January 7, 2014, 5:55 pm

You did read the review right? :D Just pick which one sounds better for you. Goodluck!


January 7, 2014, 5:56 pm

I don't think some people understood this review article D:

Stephen Curran

March 27, 2014, 4:51 pm

I have the 2DS and was very satisfied with it ...The only reason I bought the 3DS XL is because these old eyes need a bigger screen. Now, that being said, the 2DS was fine with my reading glasses. I can't see 3d so that as not a selling feature for me.


March 28, 2014, 1:15 pm

i personally would buy a 2ds as i have had 2 ds lites and the hinges have snapped

on both


March 31, 2014, 6:04 pm

i bought the 2DS as i just started to play games. i am an adult and didnt see it as a child console. it was cheaper and i wanted to make sure i like gaming before buying the 3ds xl. 2DS feels right for me. long battery life and easy to hold. feels like a tablet. i couldnt careless about the 3d screen so i think it was a good decision.

Alexis Goitia

May 20, 2014, 3:42 am

Well, the 2DS is probably the best starter console since the Game Boy Advance, so I think it was a great choice, and the button configuration is actually ideal for adults because of how spaced the buttons are, the original 3DS is a bit too small for adult hands, so the XL and 2DS are much nicer.

Alexis Goitia

May 20, 2014, 3:43 am

The Lite had quite a problem with build, but neither the DSi nor the 3DS seem to have as many problems.

Alexis Goitia

May 20, 2014, 3:44 am

I think they mean that it is the better choice for kids because it is more resistant, it is still a great console for anyone.


October 10, 2014, 2:49 am

You can completely disable 3D from parental controls. I really hope the tutorial and setup is different on the 2DS... Parental Controls 2DS say "Would you like to disable the 3D effect?" And the parent starts wonders what happened. Is there 3D?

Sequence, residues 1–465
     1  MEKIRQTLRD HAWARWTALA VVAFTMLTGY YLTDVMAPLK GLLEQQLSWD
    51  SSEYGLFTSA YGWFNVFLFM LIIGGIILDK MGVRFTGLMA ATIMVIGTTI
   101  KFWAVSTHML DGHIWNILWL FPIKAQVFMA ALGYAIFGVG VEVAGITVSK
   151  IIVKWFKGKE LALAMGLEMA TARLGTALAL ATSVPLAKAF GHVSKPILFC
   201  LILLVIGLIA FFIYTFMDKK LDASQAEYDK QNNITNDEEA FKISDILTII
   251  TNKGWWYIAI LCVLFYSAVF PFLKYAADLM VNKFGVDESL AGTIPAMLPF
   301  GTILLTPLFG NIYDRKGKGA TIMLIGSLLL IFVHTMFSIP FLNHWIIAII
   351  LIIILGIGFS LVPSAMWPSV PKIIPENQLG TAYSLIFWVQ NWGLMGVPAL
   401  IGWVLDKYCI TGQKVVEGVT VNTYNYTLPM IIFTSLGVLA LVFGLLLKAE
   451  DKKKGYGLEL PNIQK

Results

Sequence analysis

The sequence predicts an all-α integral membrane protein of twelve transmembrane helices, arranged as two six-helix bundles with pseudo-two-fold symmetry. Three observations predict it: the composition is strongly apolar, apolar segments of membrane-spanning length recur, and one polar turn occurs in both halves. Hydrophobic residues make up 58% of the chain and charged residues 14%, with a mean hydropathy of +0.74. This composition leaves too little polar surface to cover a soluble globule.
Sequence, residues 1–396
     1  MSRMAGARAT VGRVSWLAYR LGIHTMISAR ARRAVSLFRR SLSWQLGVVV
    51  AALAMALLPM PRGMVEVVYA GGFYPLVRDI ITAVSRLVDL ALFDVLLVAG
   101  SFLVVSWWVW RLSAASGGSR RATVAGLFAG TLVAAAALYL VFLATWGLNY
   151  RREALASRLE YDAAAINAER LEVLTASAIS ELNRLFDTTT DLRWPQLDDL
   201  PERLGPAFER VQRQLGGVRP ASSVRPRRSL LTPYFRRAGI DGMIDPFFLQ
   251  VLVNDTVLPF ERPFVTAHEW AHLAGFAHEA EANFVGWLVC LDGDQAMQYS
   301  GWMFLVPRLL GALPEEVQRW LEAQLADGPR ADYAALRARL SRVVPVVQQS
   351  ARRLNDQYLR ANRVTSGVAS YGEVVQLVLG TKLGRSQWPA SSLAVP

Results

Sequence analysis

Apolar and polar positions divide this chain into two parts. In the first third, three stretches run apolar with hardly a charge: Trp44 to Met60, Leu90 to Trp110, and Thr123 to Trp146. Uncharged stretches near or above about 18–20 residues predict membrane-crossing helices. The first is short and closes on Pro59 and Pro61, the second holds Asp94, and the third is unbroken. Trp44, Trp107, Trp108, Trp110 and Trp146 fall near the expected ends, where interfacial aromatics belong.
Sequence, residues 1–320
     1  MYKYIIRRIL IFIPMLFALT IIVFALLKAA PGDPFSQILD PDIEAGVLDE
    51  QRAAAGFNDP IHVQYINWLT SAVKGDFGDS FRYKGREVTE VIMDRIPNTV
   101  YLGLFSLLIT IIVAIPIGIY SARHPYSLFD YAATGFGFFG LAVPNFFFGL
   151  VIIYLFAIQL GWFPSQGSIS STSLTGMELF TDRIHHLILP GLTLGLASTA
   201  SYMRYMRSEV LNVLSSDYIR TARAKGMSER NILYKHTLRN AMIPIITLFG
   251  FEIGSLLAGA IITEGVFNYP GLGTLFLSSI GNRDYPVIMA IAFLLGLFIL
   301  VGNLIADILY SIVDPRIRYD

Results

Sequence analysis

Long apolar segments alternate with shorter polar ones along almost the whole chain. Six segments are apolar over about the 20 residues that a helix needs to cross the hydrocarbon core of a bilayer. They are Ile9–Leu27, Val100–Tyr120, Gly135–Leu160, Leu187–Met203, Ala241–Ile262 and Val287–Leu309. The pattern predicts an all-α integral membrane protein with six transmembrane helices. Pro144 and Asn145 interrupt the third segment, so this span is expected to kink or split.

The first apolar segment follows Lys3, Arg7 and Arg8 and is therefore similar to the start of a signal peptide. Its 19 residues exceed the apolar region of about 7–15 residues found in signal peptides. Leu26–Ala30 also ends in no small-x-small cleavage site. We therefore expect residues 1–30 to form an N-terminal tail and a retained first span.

Archie Cairns

October 27, 2014, 7:38 pm

As an experiance nintendo player i compleatly agree with this page thought the 2DS may seen superior at first over time u will begin to see the advantages of the 3DS or the 3DS XL


February 18, 2015, 10:03 pm

all the consoles probably use the same firmware, the only differences will be the hardware drivers


February 18, 2015, 10:10 pm

the original ds should be considered a prototype


July 5, 2015, 4:52 pm

I have two boys - 9 yrs old and an 6 yrs old, am starting to think about giving in to the peer pressure and buying them a games console. but which one and which games are suitable. I am not that good a technology and have no clue where to start. the 2ds looks like the sensible option but its not the latest one out- does that matter? am so confused its such an expensive purchase but I don't want to get it wrong. Please help


August 19, 2015, 1:31 am

As far as handheld game consoles, a 2DS is good for that age group; it plays the latest 3DS games other than the ones with the "New" brand attached. I know it's a bit confusing because of how Nintendo names things, so when you go to the store make sure you ask about the difference between a brand new model and the "New" (as in 'New' 3DS) model name.